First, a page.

New defined cell culture conditions in combination with a new 3d-scaffold for mscs bone tissue engineering




22nd European Conference on Biomaterials ESB 2009 - 07-11th September, Lausanne (Switzerland)


T. Tallone, G. Minonzio, G. Pertici, G. Aita, S. Bardelli, M. Gola, V. Albertini and G. Soldati.


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Skeletal tissue loss due to congenital defects, disease, and injury is normally treated by autologous tissue grafting, a method limited by the availability of the host tissue, harvesting difficulties, donor site morbidity, and clinician’s ability to manipulate delicate 3D shapes.

The generation of autologous bone grafts in vitro, avoiding the harvesting of autologous tissue at a second anatomic location is the ultimate goal in bone tissue engineering. To achieve this, three major components have to be developed and optimized: I) Cell culturing in a defined medium, II) The osteoinductive cocktail, III) The scaffold.

We have developed a protocol for the extraction and culturing of adipose tissue-derived mesenchymal stem cells (AT-MSCs) which fulfils the strict European regulations concerning the Advanced Therapy Medicinal Products. AT-MSCs were grown inside a new 3D-scaffold developed by Industrie Biomediche Insubri (Switzerland). This matrix is a composite material based on bovine bone grafts, biodegradable polymers and bioactive agents. The bone grafts allow to maintain the adequate 3D-structure, the biopolymers permit to achieve good mechanical characteristics and bioactive agents promote cell adhesion and proliferation. The differentiation of the AT-MSCs into osteogenic cells was triggered by a serum-free induction medium without the use of growth factors.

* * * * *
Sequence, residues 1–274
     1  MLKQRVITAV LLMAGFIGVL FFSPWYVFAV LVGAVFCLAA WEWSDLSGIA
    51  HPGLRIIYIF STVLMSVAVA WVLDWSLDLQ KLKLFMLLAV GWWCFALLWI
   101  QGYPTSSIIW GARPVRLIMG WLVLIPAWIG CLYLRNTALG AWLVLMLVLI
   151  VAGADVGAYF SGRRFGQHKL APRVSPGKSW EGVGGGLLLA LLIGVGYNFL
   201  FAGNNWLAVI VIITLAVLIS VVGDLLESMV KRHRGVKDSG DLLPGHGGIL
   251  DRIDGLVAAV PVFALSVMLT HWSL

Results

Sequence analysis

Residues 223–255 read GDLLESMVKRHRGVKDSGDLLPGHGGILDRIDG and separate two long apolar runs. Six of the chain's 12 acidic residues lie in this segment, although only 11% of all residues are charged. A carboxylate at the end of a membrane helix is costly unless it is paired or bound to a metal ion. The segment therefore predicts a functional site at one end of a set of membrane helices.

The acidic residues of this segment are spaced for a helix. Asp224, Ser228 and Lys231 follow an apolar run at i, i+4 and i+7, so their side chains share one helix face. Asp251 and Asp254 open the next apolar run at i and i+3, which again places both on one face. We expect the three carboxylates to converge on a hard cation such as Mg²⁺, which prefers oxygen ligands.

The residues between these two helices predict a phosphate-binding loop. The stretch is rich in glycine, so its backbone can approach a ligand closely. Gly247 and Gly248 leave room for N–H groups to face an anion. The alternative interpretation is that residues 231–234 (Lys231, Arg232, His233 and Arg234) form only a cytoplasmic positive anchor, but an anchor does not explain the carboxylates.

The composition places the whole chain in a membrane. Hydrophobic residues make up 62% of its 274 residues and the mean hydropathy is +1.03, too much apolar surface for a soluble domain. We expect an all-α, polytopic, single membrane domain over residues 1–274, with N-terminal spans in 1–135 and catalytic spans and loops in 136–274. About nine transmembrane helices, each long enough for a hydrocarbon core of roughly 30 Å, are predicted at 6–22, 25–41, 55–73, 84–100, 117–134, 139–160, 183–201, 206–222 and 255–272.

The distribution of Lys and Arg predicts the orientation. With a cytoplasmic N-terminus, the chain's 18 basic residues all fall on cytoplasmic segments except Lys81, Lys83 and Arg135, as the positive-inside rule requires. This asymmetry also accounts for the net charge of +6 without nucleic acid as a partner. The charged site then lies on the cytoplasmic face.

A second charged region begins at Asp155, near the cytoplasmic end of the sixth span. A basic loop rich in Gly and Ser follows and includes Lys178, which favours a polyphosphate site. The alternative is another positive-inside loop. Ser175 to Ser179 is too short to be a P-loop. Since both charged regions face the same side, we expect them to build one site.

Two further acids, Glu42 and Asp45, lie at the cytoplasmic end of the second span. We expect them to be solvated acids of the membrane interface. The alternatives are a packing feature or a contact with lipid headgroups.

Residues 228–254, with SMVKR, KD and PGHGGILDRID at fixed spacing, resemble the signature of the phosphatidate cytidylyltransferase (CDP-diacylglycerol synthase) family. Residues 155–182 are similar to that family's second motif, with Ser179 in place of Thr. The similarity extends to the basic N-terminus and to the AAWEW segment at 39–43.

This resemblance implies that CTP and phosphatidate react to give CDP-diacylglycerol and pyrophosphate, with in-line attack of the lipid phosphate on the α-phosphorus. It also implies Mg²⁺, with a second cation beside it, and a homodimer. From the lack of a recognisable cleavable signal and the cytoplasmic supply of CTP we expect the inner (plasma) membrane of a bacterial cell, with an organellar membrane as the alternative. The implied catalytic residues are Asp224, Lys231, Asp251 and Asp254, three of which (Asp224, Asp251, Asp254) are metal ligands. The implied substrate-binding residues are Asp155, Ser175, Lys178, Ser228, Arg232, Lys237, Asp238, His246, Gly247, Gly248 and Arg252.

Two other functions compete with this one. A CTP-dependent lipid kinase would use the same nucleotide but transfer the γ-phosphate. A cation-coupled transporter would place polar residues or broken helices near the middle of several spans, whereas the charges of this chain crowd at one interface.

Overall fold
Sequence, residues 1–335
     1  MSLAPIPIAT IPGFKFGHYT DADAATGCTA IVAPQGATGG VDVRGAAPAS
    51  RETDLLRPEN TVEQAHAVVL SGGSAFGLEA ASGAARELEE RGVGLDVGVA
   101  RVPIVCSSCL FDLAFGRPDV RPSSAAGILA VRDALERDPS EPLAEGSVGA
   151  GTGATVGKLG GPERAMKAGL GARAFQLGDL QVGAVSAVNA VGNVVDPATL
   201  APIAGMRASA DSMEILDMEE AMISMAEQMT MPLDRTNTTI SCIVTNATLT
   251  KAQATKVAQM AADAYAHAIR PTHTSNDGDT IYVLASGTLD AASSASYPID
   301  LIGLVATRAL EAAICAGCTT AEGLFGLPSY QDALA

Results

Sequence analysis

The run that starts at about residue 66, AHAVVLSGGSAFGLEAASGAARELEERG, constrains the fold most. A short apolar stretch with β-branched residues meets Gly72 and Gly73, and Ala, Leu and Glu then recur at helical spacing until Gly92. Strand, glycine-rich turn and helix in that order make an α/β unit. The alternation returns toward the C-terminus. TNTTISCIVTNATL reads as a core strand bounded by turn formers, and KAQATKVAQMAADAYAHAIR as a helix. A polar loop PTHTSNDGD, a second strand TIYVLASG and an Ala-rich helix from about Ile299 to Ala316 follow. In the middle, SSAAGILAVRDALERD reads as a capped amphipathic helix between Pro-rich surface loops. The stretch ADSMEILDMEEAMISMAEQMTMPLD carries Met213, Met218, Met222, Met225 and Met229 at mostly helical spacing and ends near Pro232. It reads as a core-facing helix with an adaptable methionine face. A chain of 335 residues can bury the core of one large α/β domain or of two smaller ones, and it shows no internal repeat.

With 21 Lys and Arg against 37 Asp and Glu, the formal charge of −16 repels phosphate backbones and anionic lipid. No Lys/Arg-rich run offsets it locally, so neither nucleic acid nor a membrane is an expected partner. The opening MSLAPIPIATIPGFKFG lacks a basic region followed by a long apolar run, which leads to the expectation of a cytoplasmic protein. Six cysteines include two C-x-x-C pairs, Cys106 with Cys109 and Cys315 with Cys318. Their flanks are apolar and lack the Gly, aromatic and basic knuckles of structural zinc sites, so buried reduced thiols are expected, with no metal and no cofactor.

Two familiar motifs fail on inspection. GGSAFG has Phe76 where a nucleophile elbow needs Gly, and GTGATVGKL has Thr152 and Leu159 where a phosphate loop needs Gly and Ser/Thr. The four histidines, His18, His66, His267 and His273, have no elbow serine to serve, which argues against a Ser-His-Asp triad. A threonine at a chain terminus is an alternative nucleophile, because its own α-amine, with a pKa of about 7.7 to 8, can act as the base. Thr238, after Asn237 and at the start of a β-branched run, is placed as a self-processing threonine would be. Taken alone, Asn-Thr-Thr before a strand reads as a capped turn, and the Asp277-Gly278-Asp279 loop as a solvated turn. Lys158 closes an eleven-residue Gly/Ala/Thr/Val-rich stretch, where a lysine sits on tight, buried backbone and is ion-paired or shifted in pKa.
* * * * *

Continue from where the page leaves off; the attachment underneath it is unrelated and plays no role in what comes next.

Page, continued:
AT-MSCs were obtained from liposuction aspirates, cultured and expanded using protocols developed in our laboratory. After seeding the AT-MSCs into the scaffold, the cells were cultured for two weeks in presence of a defined osteogenic induction medium which was optimized in our laboratory. After fixation of the cells with standard techniques, the scaffolds were cut into slices and examined by ESEM imaging in order to evaluate the morphology, the spreading, and adhesion properties of the cells. The ability of the cells to properly differentiate was explored using standard immuno-histochemical techniques.

We show that our composite scaffold, in combination with our defined culture conditions, is very suitable for the growth and differentiation of AT-MSCs into osteogenic cells.

The bone tissue engineering strategy described here appears to be very promising for the development of protocols suitable for the treatment of bone loss or injury. Thus, it would be very interesting to test the performance of our in vitro generated autologous bone graft in a clinical human study.



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